Arts + Culture

Ambition, risk mark UCLA Department of Theater's 2008–09 season

Classics, new works by students, two celebrated musicals are scheduled

A postmodern revamping of an ancient Greek tragedy, a prize-winning modern classic, one of Shakespeare's most delicious romantic comedies and a time-bending musical about a beleaguered five-year relationship are among the works included in the UCLA Department of Theater's wide-ranging new slate of stage productions.

Standouts include Charles Mee's "Big Love," Lanford Wilson's "Book of Days," Jason Robert Brown's "The Last Five Days" and the Cole Porter classic "Anything Goes," this season's Ray Bolger Musical Theater Production.

"We try to do material that is intellectually stimulating, that an audience can't get to see most places, that challenges our students in terms of their growth and development, that sharpens the skills and techniques of our students, and that has a diversity of repertoire," said UCLA theater professor Mel Shapiro.

The season opens in November with Mee's "Big Love" (Nov. 12–22), based on Aeschylus' "The Suppliant Women" and directed by visiting assistant professor Mary Jo DuPrey, a UCLA theater alumna. The story of 50 brides who rebel against their arranged marriages of political convenience, the play is an original, outlandish work that retains Aeschylus' framework but reinvents the classic tragedy as a postmodern tragic-comedy.

"Big Love" will run in repertory with Wilson's "Book of Days" (Nov. 12–22), directed by visiting professor David Bridel, author of last year's successful offering "The Death of Mayakovsky." Wilson's play, which depicts the effects of a shocking murder on the idyllic small town of Dublin, Missouri, is an intense study of character revealed under pressure, as long-buried secrets rise to the surface.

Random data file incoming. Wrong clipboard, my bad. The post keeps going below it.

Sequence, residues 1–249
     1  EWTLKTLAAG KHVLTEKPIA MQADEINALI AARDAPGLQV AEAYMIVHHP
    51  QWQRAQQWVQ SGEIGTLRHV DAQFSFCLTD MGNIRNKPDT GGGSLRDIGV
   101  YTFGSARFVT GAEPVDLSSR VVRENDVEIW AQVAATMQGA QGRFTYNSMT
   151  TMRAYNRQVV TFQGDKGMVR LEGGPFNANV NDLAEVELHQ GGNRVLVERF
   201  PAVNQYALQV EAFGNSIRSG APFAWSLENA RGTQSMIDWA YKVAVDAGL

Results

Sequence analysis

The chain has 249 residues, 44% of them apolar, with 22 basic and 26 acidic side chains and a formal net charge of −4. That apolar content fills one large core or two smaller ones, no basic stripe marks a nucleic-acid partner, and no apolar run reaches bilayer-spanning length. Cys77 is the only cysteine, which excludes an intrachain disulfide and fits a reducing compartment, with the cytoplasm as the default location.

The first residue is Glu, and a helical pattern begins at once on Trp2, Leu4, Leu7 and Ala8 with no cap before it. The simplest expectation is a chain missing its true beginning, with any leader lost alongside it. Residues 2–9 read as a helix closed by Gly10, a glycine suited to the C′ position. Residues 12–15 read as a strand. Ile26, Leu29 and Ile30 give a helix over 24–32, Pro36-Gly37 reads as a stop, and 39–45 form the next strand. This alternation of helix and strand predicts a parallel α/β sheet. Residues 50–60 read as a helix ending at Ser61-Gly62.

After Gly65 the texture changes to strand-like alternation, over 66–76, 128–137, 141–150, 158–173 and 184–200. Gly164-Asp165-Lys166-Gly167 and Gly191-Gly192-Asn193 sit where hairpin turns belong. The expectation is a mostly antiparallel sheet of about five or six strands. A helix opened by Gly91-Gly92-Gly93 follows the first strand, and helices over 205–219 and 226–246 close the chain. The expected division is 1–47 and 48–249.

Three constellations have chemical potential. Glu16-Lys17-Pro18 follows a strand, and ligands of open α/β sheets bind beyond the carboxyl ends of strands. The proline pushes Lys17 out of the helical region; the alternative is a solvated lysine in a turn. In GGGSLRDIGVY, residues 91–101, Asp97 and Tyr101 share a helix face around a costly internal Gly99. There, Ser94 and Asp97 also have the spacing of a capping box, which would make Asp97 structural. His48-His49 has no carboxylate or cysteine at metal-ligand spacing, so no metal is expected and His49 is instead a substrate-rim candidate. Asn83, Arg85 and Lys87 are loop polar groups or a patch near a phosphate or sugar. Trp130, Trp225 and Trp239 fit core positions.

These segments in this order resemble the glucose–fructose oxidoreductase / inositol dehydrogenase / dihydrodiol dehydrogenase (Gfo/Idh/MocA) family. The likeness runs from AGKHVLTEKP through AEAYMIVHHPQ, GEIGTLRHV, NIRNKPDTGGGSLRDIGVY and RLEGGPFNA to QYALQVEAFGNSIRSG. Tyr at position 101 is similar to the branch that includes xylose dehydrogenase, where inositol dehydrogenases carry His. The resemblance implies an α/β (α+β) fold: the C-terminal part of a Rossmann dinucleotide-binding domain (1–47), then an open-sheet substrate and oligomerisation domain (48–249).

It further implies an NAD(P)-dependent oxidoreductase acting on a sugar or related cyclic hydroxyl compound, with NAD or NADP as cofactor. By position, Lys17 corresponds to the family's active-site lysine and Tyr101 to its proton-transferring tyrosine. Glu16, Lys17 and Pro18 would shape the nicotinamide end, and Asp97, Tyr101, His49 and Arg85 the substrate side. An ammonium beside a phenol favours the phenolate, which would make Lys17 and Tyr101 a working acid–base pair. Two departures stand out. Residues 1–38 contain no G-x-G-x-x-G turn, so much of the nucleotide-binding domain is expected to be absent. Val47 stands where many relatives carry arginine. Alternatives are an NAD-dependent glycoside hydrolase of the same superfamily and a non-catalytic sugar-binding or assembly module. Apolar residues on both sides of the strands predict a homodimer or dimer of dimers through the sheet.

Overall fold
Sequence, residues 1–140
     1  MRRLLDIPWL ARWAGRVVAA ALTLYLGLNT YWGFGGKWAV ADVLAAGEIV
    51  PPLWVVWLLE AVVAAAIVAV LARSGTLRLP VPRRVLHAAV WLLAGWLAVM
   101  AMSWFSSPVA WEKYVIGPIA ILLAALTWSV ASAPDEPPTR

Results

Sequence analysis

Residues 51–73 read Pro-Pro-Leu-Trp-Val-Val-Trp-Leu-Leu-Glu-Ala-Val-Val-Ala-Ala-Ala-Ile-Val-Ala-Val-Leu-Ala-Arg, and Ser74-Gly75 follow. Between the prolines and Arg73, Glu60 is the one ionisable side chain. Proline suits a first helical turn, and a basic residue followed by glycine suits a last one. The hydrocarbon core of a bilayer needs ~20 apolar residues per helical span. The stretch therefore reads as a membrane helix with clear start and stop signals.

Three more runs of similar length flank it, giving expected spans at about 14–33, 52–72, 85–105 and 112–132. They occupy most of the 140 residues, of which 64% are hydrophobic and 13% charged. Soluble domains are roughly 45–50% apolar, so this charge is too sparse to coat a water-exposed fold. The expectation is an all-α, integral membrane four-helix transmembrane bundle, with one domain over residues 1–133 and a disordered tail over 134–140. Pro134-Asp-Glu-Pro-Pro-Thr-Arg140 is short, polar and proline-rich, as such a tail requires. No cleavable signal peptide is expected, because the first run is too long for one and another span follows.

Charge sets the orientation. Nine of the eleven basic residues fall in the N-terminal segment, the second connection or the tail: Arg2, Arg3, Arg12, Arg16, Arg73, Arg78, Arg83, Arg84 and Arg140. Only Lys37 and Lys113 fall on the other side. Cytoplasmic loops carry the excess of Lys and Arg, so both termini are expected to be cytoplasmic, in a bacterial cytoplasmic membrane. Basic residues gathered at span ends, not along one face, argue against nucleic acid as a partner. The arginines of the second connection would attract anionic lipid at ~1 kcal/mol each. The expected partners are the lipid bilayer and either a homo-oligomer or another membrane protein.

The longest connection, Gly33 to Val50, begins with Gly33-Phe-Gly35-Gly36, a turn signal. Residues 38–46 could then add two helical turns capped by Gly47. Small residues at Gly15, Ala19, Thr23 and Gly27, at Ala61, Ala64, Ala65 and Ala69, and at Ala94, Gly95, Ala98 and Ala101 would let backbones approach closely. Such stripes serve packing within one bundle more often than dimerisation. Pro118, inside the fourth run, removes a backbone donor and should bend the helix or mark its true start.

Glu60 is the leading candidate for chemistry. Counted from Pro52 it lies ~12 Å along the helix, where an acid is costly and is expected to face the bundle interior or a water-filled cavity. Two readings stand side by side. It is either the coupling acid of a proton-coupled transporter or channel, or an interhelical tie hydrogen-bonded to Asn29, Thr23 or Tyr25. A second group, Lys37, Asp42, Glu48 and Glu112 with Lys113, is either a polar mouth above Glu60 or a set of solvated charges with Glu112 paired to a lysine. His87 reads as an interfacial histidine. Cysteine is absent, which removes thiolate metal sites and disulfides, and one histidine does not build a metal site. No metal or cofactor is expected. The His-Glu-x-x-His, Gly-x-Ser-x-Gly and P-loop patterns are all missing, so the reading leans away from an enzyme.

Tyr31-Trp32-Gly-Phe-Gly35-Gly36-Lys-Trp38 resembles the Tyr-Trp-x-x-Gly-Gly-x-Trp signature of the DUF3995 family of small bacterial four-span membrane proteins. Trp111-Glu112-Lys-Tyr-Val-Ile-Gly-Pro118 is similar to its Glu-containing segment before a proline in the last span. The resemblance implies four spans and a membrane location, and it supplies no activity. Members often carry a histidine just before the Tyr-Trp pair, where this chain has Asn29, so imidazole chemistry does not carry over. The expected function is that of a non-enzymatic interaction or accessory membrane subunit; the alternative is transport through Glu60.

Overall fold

November also marks the return of the popular New Play Festival (Nov. 13–15 and Nov. 20–22), featuring three original works by students in the theater department's M.F.A. Playwriting Program. "Lot Sand Found," coordinated by M.F.A. candidate Adam Simon, is a "headphones tour," a concoction equal parts theater, installation art and audio tour that takes in all we know of being lost, getting found and being caught in the shuffle. "The House of Dinah or The Black Queens," by M.F.A. candidate Jerome Augustus Parker, is a tale about a waitress in a diner, a woman seeking refuge there and the enslavement of both under three fierce managers. Part drag show, part fantasy — all the roles are played by black men — the play trails through race, gender, history power and time, with blues and jazz singer Dinah Washington, her spirit and music, guiding the trip. "English Only: A Fight for Words in America," by M.F.A. candidate Annette Lee, takes us back to 1986, when everything is big — the hair, the shoulder pads, the prom dresses. But nothing is bigger to 17-year-old Scarlett Wong than what is going on at City Hall in this look at race, culture and the English-only referendum in Monterey Park, Calif.

The New Play Festival will be reprised from Dec. 5 to 7 at the New Los Angeles Theater Company (LATC) in downtown Los Angeles. Visit for additional news and profiles related to the UCLA Playwriting Program.
Jason Robert Brown's "The Last Five Years" (Dec. 4–6), directed by M.F.A. candidate James Darrah, is the musical story of a five-year relationship between a rising novelist and a struggling actress. The characters move through time in opposite directions, their plot lines intersecting only during the performance of a single wedding song.

Additional theater events, scheduled for UCLA's winter quarter, include Stephen Adly Gurigis' "The Last Days of Judas Iscariot" (Feb. 26–March 7, 2009), directed by M.F.A. candidate Richard Martinez. The play is a satirical courtroom drama in which attorneys argue over whether the betrayer of Jesus Christ should be admitted into heaven, calling Mother Teresa, Sigmund Freud and Satan as witnesses.
"Judas" plays in repertory with Shakespeare's "A Midsummer Night's Dream" (Feb. 26–March 7), directed by visiting professor Joel Bishop.

Works scheduled for production during the 2009 spring quarter include John Whiting's "The Devils (April 17–25), directed by M.F.A. candidate and recent Princess Grace Award–winner Patrick Kennelly; Henry Purcell's Baroque opera "Dido and Aeneas" (April 22–25), directed by M.F.A. candidate James Darrah; and this year's Ray Bolger Musical Theater Production, Cole Porter's "Anything Goes" (May 28–June 6), directed by adjunct assistant professor Jeremy Mann.
For a schedule of upcoming theater performances, visit For ticket information for all performances in the theatrical season, call 310-825-2101 or visit  
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